The city of San Francisco, one of the most historic American cities west of the Rocky Mountains, is home to some of the oldest, largest and most magnificent religious buildings on the Pacific Coast. Site of one of the original Spanish missions from which Christianity spread throughout California, San Francisco was a convergence point for Spanish Catholics from the south, Russian Orthodox Christians from the north, and Protestants from the East. This dynamic contributed significantly to the rich cultural, religious and architectural heritage that the city enjoys today.
San Francisco’s history literally begins at a church, the Mission San Francisco de Asis. Also known as the Mission Dolores, it was the sixth mission to be founded in California, and is one of the oldest standing buildings in the state. The surrounding neighborhood is called the Mission District in its honor. One of the city’s most popular historic sites, the mission complex incorporates the original adobe chapel as well as a magnificent 20th century basilica. The chapel interior is representative of the era and style, with a small but worthwhile collection of artwork and icons to see.
As the city expanded northwards, a larger, more centralized church was needed. The Cathedral of St. Mary of the Assumption was established in the 1890s on what is now known as Cathedral Hill. While the original church is long gone, the current cathedral, completed in 1971, has become a cornerstone of the city’s modern architecture. Built of concrete, glass and steel, it’s strange dome/tower dominates the surrounding neighborhood. Viewed from above it appears as a cross. Due to its resemblance to a washing machine agitator, St. Mary’s has been nicknamed “Our Lady of Maytag”.
Just a few blocks northwest of the cathedral is the synagogue of Congregation Sherith Israel. Many Jews began to immigrate to California during the 1850s, during which time two congregations emerged in San Francisco: Sherith Israel and Emanu-El. These two groups, long friendly rivals, were the foundation of the first major Jewish community west of the Rockies. The huge, domed Sherith Israel is the oldest purpose-built synagogue still standing in the city and is famous for its stunningly painted ceiling.
To the west in Presidio Heights is the synagogue of Congregation Emanu-El. Architecturally similar to Sherith Israel, Emanu-El is larger and arguably even more impressive than its rival. This synagogue complex, which incorporates several buildings and courtyards, is entered through massive gatehouses that evoke an almost Biblical feeling of awe. It is also crowned with a stunning dome.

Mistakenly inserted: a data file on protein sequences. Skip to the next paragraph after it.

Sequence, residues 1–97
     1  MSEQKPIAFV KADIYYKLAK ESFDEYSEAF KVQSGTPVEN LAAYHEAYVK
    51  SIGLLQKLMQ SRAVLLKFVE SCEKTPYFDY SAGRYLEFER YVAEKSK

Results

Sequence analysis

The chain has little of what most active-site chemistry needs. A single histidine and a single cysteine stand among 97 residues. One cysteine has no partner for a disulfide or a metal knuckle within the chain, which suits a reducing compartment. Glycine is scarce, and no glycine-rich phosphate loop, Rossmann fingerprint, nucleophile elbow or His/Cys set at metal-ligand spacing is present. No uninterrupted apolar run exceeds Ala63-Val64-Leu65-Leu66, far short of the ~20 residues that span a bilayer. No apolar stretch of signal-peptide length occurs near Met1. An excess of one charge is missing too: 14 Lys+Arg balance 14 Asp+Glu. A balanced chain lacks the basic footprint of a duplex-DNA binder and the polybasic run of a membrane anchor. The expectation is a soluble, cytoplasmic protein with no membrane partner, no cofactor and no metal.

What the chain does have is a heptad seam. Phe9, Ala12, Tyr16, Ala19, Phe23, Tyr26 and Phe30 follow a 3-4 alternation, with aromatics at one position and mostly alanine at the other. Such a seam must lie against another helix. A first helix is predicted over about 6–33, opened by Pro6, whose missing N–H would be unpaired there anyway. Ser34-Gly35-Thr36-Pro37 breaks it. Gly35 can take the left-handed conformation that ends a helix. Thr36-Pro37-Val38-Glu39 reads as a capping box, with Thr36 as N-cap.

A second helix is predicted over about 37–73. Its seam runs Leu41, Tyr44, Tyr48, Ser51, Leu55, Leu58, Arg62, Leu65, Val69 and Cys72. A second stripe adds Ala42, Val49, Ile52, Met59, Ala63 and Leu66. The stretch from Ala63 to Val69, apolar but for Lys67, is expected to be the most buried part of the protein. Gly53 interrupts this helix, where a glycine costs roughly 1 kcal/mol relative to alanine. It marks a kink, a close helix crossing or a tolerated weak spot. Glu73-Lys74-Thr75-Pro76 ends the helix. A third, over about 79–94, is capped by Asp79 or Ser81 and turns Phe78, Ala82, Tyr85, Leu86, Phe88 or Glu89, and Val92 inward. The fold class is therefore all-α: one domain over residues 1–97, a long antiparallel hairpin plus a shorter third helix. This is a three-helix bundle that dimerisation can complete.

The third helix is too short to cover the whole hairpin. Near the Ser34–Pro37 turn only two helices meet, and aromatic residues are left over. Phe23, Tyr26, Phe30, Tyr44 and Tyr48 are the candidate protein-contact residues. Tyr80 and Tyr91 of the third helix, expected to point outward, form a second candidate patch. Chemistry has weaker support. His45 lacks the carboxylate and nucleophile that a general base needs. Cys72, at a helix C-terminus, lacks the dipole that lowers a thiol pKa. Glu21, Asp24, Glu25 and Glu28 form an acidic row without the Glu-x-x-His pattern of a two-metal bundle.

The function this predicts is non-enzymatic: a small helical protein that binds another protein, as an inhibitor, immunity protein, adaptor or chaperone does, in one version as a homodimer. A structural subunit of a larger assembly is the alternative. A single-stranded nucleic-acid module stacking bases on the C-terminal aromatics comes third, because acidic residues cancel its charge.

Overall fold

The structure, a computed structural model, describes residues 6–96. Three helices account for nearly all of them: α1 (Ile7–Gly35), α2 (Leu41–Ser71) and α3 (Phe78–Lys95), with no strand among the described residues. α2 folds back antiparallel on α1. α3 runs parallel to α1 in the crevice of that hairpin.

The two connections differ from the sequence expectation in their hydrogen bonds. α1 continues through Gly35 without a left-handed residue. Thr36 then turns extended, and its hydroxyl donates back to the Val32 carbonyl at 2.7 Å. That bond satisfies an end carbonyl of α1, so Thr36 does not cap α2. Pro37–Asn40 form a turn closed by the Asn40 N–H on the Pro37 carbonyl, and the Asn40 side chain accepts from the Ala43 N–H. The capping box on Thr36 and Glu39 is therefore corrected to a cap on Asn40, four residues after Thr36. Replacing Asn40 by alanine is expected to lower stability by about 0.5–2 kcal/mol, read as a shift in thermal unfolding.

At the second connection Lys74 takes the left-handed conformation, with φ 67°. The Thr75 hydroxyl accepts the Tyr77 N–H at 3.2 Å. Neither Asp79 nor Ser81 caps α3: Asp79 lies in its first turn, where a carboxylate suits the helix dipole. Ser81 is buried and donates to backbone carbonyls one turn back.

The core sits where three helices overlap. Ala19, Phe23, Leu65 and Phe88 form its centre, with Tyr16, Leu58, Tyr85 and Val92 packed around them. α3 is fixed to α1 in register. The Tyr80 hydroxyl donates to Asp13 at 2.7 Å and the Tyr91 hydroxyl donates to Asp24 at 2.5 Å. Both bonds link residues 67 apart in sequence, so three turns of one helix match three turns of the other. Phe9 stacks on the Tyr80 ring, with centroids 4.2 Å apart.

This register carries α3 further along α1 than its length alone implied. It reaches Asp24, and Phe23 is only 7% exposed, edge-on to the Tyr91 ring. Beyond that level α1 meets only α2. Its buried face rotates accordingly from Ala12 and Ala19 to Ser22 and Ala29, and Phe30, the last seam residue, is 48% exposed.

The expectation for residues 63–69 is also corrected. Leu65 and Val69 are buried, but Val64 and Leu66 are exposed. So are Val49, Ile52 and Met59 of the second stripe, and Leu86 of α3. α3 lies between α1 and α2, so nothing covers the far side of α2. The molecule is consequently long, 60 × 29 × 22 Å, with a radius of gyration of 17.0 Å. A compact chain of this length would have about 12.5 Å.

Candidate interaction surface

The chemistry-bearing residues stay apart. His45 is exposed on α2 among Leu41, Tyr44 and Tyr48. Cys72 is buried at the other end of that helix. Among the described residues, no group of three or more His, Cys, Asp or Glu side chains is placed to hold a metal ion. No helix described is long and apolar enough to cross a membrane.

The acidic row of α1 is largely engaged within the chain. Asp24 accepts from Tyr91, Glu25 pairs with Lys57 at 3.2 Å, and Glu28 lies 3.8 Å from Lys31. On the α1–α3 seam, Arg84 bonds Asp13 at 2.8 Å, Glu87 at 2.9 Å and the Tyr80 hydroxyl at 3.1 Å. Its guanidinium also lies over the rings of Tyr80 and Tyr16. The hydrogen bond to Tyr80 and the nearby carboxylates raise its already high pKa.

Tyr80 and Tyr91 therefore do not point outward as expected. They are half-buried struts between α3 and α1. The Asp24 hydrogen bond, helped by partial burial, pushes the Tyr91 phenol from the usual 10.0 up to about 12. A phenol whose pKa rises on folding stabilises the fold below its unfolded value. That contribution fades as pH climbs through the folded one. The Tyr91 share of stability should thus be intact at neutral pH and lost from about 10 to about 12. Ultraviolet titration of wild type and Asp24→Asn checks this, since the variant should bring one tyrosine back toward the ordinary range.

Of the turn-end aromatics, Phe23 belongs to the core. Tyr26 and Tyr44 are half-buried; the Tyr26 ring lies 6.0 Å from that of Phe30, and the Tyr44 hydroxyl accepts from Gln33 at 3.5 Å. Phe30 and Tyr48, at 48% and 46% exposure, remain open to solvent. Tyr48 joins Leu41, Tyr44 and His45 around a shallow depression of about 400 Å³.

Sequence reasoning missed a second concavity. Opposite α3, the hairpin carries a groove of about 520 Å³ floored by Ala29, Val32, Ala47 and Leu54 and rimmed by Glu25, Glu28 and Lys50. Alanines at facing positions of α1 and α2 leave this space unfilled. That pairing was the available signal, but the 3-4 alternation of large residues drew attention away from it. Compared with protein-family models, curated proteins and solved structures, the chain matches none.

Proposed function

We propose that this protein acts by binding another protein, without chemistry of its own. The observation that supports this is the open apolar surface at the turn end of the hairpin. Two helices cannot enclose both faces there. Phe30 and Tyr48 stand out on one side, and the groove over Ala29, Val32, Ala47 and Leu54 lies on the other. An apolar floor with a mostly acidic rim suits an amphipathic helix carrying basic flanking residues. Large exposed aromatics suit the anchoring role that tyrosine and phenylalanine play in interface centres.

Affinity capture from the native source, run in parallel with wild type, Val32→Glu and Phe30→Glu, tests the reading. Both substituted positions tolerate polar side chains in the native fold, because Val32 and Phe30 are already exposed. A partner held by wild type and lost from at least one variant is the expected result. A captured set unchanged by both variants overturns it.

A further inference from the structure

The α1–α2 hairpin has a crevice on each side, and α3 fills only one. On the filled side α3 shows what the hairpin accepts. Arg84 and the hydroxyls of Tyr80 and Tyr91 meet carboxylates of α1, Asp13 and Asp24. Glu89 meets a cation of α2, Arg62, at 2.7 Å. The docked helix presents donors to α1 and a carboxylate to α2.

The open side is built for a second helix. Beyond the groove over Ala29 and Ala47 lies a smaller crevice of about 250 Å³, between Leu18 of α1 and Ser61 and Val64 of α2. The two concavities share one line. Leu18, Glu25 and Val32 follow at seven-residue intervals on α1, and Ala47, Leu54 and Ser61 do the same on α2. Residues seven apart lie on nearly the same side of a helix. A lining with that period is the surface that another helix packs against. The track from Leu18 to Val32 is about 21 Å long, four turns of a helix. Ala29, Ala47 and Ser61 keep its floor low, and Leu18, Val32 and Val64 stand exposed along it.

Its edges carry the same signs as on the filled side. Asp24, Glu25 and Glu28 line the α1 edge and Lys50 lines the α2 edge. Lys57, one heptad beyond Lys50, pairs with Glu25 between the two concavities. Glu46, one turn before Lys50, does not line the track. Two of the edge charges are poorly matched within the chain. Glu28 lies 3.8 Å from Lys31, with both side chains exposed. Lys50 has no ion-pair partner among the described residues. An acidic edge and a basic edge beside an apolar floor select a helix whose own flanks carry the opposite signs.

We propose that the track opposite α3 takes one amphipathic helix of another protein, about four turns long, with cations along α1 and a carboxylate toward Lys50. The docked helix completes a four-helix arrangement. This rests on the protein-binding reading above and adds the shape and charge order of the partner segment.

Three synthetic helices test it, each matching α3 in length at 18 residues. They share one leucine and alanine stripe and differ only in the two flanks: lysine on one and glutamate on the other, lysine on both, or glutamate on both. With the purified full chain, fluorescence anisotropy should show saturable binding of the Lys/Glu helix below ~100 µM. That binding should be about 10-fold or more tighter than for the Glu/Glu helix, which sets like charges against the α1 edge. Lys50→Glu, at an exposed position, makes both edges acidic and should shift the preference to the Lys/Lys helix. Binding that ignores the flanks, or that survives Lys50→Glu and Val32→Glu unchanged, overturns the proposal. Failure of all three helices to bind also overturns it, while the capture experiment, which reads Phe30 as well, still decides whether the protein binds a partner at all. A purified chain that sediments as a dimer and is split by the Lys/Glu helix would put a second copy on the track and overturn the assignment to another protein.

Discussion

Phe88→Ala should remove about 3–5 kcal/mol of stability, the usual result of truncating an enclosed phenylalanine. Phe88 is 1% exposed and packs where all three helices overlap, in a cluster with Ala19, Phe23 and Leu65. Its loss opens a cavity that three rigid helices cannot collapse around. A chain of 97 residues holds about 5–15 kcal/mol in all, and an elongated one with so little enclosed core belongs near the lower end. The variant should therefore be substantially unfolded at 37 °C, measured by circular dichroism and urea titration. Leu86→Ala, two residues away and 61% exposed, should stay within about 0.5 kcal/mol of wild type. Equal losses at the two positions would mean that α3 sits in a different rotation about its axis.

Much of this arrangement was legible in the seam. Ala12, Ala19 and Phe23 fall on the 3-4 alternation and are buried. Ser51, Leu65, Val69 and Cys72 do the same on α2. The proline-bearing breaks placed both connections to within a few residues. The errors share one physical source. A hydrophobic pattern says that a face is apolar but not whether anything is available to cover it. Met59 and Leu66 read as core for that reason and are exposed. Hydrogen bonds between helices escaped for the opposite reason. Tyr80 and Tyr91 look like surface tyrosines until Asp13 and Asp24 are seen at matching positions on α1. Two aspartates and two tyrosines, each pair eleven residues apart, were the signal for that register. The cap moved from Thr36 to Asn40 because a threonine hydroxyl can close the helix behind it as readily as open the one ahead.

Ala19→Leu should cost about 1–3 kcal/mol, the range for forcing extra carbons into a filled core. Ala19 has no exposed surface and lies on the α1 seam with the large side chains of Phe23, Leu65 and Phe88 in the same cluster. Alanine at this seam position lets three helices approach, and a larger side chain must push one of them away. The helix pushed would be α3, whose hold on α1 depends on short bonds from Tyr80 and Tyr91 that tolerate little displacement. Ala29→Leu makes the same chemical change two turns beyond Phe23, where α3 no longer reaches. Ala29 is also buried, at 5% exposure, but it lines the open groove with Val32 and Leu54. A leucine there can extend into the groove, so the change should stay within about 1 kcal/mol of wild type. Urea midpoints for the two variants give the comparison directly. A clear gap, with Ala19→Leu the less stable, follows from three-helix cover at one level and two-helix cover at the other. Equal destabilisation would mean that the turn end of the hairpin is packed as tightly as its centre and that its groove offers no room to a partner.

Further westward along Geary Boulevard is the towering Holy Virgin Cathedral. An institution of the Russian Orthodox Church, it is one of only a handful of full-fledged cathedrals of that denomination outside of Russia. The Orthodox Church was established in San Francisco in the 19th century by Russian traders coming down from Alaska. The current building, constructed in the 1960s, is a neighborhood landmark, with icons of the saints painted on the façade and a quintet of gold-colored onion domes reaching up to the sky. St. John of Shanghai and San Francisco, a locally revered Orthodox saint, is buried within the cathedral.
Back towards the city center is one of America’s most politically unusual religious institutions: Glide Memorial Methodist Church. Famous for being a left-leaning church in a nation where churches predominantly lean right, Glide has hosted speakers ranging from Bill Clinton to Warren Buffet to Oprah Winfrey. Even its architecture is unusual, from its odd Moorish-esque towers to the street level windows with awnings resembling those of an urban department store.
San Francisco is home to many other wonderful religious institutions besides these pilgrimage mainstays. Just outside of the city are several more of the historic missions, including the nearby Mission San Jose. The famous Fisherman’s Wharf is home to the Fisherman’s Memorial Chapel, where blessings are invoked every October for the city’s maritime fleet. Congregation B’nai Israel, the only Karaite Synagogue in the United States, is just south of San Francisco in Daly City.